As fall winds to a close, I thought it would be appropriate to talk about the wondrous beauty that is on display every year. Many of us look forward to the beauties that autumn brings us each year, but few know why the trees change color every year. This article will explain why the leaves change color, why this is a yearly event, and how the changing colors impact the origins debate.
The beauty of autumn has been celebrated by poets and authors for centuries. However, science took time to catch up to its literary counterparts. Many of us are aware of the process of photosynthesis, which plants use to make their own food. Far fewer know that the cessation of photosynthesis is one of the reasons we see the colors of fall. The process of photosynthesis was unknown until the 1600s and the word itself originated in the late 1800s. Photosynthesis, which will be covered in another article, uses a special pigment called chlorophyll to help convert light into food. Chlorophyll is what gives the leaf its normal green hue. However, as the days shorten and the plants begin to receive less and less light, the plant begins to prepare to survive the winter. Since they will not be growing during the winter, deciduous plants, such as many common trees, no longer need their leaves to provide nutrients for them. However, the leaves themselves require nutrients to maintain, so they must be removed. Thus the tree begins to form a special seal at the base of the leaf. This seal is called the abscission layer. Made up of cork cells, the abscission layer cuts off the flow of nutrients from the leaf to the plant, but it also cuts off the flow of water from the plant to the leaf. Water is necessary for the leaf to perform photosynthesis. The lack of water causes the leaf to stop producing chlorophyll. As the chlorophyll breaks down, it reveals other pigments not usually seen in the leaf. It is these hidden pigments which give autumn its brilliant, dazzling, artistic pallet.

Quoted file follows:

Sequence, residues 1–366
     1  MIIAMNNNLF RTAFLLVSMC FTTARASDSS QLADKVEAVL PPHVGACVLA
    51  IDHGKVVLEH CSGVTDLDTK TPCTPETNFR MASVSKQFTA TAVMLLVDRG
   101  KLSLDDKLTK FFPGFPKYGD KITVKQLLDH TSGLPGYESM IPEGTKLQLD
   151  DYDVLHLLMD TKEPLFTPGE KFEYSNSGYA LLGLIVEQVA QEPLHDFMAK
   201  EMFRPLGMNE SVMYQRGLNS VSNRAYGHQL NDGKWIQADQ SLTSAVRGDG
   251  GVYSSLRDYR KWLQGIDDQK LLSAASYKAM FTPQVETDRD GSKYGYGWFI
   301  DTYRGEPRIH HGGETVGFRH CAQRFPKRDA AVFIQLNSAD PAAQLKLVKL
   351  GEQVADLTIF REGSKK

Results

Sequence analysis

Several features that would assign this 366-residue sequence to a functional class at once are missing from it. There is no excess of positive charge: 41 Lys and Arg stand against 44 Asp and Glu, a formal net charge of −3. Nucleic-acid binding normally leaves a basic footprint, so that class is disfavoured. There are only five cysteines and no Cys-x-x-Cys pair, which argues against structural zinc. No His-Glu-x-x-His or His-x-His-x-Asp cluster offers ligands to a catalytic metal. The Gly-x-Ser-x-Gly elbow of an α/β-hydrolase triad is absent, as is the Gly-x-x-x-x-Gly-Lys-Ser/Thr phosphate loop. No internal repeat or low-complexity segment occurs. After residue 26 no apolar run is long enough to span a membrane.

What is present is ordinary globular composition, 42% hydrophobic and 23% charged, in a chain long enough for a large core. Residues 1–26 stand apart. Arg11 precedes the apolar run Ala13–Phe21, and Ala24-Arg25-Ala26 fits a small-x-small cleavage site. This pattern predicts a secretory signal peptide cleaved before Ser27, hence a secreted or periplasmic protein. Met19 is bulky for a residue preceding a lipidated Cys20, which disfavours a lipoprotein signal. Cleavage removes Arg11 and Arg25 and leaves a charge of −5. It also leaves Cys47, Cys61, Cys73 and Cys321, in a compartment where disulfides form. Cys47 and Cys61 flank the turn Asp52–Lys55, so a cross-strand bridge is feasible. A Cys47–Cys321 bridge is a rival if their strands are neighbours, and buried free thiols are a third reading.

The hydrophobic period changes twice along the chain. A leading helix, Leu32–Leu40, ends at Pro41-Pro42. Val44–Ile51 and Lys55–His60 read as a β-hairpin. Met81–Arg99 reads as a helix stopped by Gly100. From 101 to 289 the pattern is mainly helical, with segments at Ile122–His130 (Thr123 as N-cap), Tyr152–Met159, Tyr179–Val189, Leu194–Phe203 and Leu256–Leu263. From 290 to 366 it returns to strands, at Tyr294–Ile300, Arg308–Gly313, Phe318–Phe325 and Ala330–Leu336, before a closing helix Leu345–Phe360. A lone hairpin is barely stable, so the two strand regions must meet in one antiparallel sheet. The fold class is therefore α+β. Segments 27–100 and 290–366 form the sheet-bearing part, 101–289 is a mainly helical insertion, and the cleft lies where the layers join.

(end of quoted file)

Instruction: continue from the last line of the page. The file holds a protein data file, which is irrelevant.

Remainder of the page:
When chlorophyll is removed, leaves dazzle with brilliant, bright colored displays. These displays are due to three different types of pigments. The first is the xanthophylls. Xanthophylls represent the yellow pigment in leaves. The second pigment is the carotenoids. As might be assumed by their name, the carotenoids are responsible for producing the orange pigment in autumn leaves. These first two are present year round. However, the third pigment type, the anthocyanins, only develop after the leaf is cut off from the tree. Anthocyanins form from the sugars trapped in the leaf when the abscission layer cuts it off from the tree. Anthocyanins are responsible for the bright red and purple colors of autumn leaves. When these pigments break down, all that is left are the cell walls, and the tannins, a final pigment type, both of which make the leaf appear a dull, dingy brown.
This yearly artistic display comes about around the same time of year each year. It is so predictable that there are areas that survive based on tourists coming to view the autumnal beauty. There are several reasons why leaves change color around the same time every year. The most obvious one is the change in the length of the days. In the northern hemisphere, towards the end of summer and into autumn, the days begin to shorten, triggering the formation of the abscission layer. However, the temperature is also an important part of the process. Shorter days mean less energy from the sun reaches the earth, resulting in less heat being retained at night. This causes temperatures to drop. As temperatures drop, chlorophyll breaks down more rapidly. This leads to more beautiful displays, particularly if accompanied by slightly sunnier weather.
We do not tend to think of the autumnal beauty as an origins issue, but it is one, if only in a tangential way. The fact that the dead leaves fall is a designed feature. Were it not for the abscission layer, the tree would have to provide water and nutrients to the leaves throughout the winter, leaving it without the nutrients it would need when the spring growing season started. Further, it is believed that some of the colors, particularly the anthocyanins, are used to ward off insect pests. Such a feature demands a Designer. However, since God made the world for man to enjoy and have dominion over, I believe He made the colors of fall specifically so that man could enjoy them. A feature such as this, which provides both beauties for man to enjoy, and serves a practical function for the tree, points to a God Who made it for those purposes.